The last main piece is the watch script. This watches the CSS input folder for changes and runs PostCSS each time you save a file there. We will use a styles directory in the project root folder as the CSS input directory. When we save a CSS file there, the watch script will output the result to static/styles. static is for content which you want Deno Fresh to serve statically from your deployed project.

Create build-css.ts in the project root directory with the content below:

import { debounce } from "$std/async/mod.ts";
import { relative, resolve } from "$std/path/mod.ts";
import { config } from "@/postcss.config.ts";
import postcss from "postcss/mod.js";

const STYLES_INPUT_DIRECTORY = "styles";

async function buildStyles(path: string) {
  try {
    const css = await Deno.readTextFile(path);

    const { css: outputCss } = await postcss(config.plugins).process(css, {
      from: undefined,

    const __dirname = resolve();
    const outputPath = `./static/${relative(__dirname, path)}`;
    console.log(`Updating styles for ${outputPath}`);
    await Deno.writeTextFile(outputPath, outputCss);
  } catch (error: unknown) {
    console.error(`Error building styles for path ${path}: ${error as string}`);

const debouncedBuildStyles = debounce(async (path: string) => {
  await buildStyles(path);
}, 200);

const stylesOutputDirectory = `static/${STYLES_INPUT_DIRECTORY}`;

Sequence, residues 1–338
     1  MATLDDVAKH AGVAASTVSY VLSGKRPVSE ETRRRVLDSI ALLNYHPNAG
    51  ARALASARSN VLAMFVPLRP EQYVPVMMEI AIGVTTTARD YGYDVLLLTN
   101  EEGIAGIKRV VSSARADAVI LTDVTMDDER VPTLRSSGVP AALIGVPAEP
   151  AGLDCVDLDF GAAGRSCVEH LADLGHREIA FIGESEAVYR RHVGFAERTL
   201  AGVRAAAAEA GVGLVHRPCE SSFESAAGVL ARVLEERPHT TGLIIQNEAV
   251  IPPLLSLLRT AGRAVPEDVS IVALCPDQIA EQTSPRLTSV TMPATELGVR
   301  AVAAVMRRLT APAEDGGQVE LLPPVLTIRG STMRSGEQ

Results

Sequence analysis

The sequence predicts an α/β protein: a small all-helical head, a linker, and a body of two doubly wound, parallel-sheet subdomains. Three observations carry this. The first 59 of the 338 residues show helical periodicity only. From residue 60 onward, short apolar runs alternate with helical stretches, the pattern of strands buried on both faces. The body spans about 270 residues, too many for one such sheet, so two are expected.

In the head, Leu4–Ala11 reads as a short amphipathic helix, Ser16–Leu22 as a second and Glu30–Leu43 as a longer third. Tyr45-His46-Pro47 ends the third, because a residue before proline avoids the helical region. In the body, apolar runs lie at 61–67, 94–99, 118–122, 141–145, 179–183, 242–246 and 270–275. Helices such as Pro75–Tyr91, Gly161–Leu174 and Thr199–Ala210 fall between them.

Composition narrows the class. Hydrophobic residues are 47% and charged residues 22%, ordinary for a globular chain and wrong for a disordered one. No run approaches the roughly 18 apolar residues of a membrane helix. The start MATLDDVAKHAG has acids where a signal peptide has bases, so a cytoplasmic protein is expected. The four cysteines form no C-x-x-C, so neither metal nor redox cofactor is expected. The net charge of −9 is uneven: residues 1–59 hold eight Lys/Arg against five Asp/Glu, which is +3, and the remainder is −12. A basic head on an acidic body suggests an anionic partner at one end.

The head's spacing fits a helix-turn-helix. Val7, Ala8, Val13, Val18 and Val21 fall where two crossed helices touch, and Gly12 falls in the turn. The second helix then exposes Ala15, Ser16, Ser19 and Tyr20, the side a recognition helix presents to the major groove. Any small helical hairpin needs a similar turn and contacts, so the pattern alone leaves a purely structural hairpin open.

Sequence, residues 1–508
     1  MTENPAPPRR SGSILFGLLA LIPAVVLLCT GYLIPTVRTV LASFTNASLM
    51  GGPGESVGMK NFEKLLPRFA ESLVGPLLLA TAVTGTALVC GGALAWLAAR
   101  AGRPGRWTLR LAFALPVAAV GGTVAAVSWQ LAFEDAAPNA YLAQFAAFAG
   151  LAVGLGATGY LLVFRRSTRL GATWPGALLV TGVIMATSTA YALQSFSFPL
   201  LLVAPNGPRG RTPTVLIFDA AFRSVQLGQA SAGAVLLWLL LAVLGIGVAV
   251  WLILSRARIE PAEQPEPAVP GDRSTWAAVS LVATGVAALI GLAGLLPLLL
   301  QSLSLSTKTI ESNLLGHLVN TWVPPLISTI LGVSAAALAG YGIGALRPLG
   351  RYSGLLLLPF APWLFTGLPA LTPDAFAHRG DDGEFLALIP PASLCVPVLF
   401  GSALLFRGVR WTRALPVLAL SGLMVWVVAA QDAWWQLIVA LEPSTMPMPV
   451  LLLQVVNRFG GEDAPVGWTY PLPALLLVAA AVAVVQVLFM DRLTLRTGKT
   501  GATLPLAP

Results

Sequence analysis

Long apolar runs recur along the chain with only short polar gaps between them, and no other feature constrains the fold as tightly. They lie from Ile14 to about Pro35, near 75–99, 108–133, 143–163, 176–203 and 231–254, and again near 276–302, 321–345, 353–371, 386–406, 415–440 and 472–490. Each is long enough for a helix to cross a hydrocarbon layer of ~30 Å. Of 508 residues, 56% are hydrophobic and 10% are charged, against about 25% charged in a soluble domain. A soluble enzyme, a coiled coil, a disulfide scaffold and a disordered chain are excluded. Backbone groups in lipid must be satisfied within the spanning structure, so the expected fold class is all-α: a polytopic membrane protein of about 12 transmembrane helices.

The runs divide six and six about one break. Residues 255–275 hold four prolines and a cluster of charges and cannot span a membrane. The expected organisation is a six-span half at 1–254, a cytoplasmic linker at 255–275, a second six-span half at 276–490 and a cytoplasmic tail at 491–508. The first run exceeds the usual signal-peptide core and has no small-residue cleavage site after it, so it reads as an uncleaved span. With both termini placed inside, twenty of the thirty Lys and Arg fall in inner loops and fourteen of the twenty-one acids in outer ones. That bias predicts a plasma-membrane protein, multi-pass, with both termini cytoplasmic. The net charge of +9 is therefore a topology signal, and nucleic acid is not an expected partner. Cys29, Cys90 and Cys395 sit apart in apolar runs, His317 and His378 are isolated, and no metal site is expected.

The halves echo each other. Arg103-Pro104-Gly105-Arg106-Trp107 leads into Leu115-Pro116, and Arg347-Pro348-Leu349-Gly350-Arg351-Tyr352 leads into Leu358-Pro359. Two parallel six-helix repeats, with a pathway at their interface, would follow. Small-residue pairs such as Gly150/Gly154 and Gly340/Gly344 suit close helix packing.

try {
} catch (error: unknown) {
  if (error instanceof Deno.errors.NotFound) {

const watcher = Deno.watchFs([`./${STYLES_INPUT_DIRECTORY}`]);
for await (const event of watcher) {
  const { paths } = event;
  paths.forEach((path) => {
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  • The buildStyles function (line 8) takes an updated styles path and processes it with PostCSS, saving the output to static/styles.
  • Calling debounceBuildStyles instead of buildStyles directly, stops the CSS building function from firing off too often. We limit it to run once at most in any 200Β ms period.
  • Lines 29 – 36 will run once when we start up the build CSS task (more about that in a moment) and create the output static/styles directory if it does not yet exist.
  • Lines 38 – 44 contain the watch code for file changes in the styles directory. If you added new files before firing up the build CSS task, just save them again once the task is running to make sure PostCSS processes them.

πŸ’„ Build CSS Task

Next, we can create a Deno task to run the watch script created in the last section. Update the deno.json file in the project root directory to add a build:cssΒ task:

  "tasks": {
    "build:css": "deno run --allow-env=DENO_ENV --allow-read --allow-write build-css.ts",
    "start": "deno run -A --watch=static/,routes/ dev.ts"
  "importMap": "./import_map.json",
  "compilerOptions": {
    "jsx": "react-jsx",
    "jsxImportSource": "preact"
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We give the task just the permissions it needs here. These are read-write access and access to the DENO_ENV environment variable. You can be more restrictive if you prefer, listing the specific directories Deno will apply the read and write permissions to.